When Jacob and Wilhelm Grimm published their Children's and Household Tales in 1812, followed by a second volume in 1815, they had no idea that such stories as "Rapunzel," "Hansel and Gretel," and "Cinderella" would become the most celebrated in the world. Yet few people today are familiar with the majority of tales from the two early volumes, since in the next four decades the Grimms would publish six other editions, each extensively revised in content and style. For the very first time, The Original Folk and Fairy Tales of the Brothers Grimm makes available in English all 156 stories from the 1812 and 1815 editions. These narrative gems, newly translated and brought together in one beautiful book, are accompanied by sumptuous new illustrations from award-winning artist Andrea Dezsö.
From "The Frog King" to "The Golden Key," wondrous worlds unfold—heroes and heroines are rewarded, weaker animals triumph over the strong, and simple bumpkins prove themselves not so simple after all. Esteemed fairy tale scholar Jack Zipes offers accessible translations that retain the spare description and engaging storytelling style of the originals. Indeed, this is what makes the tales from the 1812 and 1815 editions unique—they reflect diverse voices, rooted in oral traditions, that are absent from the Grimms' later, more embellished collections of tales. Zipes's introduction gives important historical context, and the book includes the Grimms' prefaces and notes.
A delight to read, The Original Folk and Fairy Tales of the Brothers Grimm presents these peerless stories to a whole new generation of readers.
Jack Zipes is the translator of The Complete Fairy Tales of the Brothers Grimm (Bantam), the editor of The Great Fairy Tale Tradition (Norton), and the author of Grimm Legacies (Princeton). He is professor emeritus of German and comparative literature at the University of Minnesota. Andrea Dezsö is a visual artist who exhibits in museums and galleries worldwide and is associate professor of art at Hampshire College.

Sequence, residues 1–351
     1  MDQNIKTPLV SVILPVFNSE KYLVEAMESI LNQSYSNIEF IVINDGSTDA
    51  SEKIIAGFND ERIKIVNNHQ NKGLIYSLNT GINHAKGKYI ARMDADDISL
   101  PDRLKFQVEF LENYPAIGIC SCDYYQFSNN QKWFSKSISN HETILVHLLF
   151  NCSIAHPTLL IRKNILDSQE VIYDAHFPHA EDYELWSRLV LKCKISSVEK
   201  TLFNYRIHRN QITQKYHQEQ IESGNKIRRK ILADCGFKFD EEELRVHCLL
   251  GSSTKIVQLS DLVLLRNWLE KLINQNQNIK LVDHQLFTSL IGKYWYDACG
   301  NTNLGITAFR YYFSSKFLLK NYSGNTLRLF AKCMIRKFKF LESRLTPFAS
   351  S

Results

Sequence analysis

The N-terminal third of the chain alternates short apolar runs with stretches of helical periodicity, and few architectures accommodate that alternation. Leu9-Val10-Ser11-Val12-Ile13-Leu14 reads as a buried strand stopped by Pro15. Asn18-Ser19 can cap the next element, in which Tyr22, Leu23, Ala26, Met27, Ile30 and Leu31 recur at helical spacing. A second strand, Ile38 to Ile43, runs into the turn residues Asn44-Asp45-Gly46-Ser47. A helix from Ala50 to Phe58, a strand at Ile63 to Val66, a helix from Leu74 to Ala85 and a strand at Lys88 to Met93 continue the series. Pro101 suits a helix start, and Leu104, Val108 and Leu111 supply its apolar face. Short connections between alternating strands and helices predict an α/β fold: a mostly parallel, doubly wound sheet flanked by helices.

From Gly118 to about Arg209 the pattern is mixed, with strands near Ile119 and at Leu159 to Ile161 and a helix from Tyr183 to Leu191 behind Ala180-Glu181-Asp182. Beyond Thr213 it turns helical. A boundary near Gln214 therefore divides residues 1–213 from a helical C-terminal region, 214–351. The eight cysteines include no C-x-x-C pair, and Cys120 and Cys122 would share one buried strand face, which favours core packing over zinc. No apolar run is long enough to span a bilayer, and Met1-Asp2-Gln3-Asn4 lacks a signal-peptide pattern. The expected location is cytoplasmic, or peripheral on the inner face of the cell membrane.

"This collection contains many of the most-loved fairy tales in the history of the form . . . The book is a classic, formed like a mosaic of precious small pieces, each one glinting with its own color and character, glass and crystalline, but somehow hard, unyielding."--Maria Warner, New York Review of Books
"Zipes is on a lifelong mission, as ardent as the Grimms’, to bring fairy tales into circulation for the general increase of pleasure, mutual and ethical understanding, and everyone in the field, including myself, has been helped by him: his prodigious energy seems as inexhaustible as the fairy-tale purse that never empties. He has also worked fervently as a translator across a wide swath of German, French, and Italian literature from the medieval tales to modernist experimental fiction. (He is the editor of the current Princeton series Oddly Modern Fairy Tales, which has brought out collections by Kurt Schwitters and Béla Balász - the author of the libretto for Bartok’s Bluebeard’s Castle."--Maria Warner, New York Review of Books
"[A] critical collection."--Maria Warner, New York Review of Books
"[A] faithful translation--accompanied by striking black-and-white illustrations, evocative of shadow theatre, by Andrea Dezsö. . . . [T]he Grimms are spare, spinning the tales into beautifully wrought short stories."--Francesca Wade, Times Literary Supplement
"This new translation . . . allows those without German expertise a chance to re-experience familiar stories in all their original Hemingwayesque terseness."--Michael Dirda, Washington Post
"[T]he new Zipes translation of the first edition, with all its notes and annotations, is a must, a treasure for anyone with a serious interest in fairy tales, the motifs of which linger perpetually in the collective mind."--Carmel Bird, Sydney Morning Herald
Table of Contents
Other Princeton books authored or coauthored by Jack Zipes: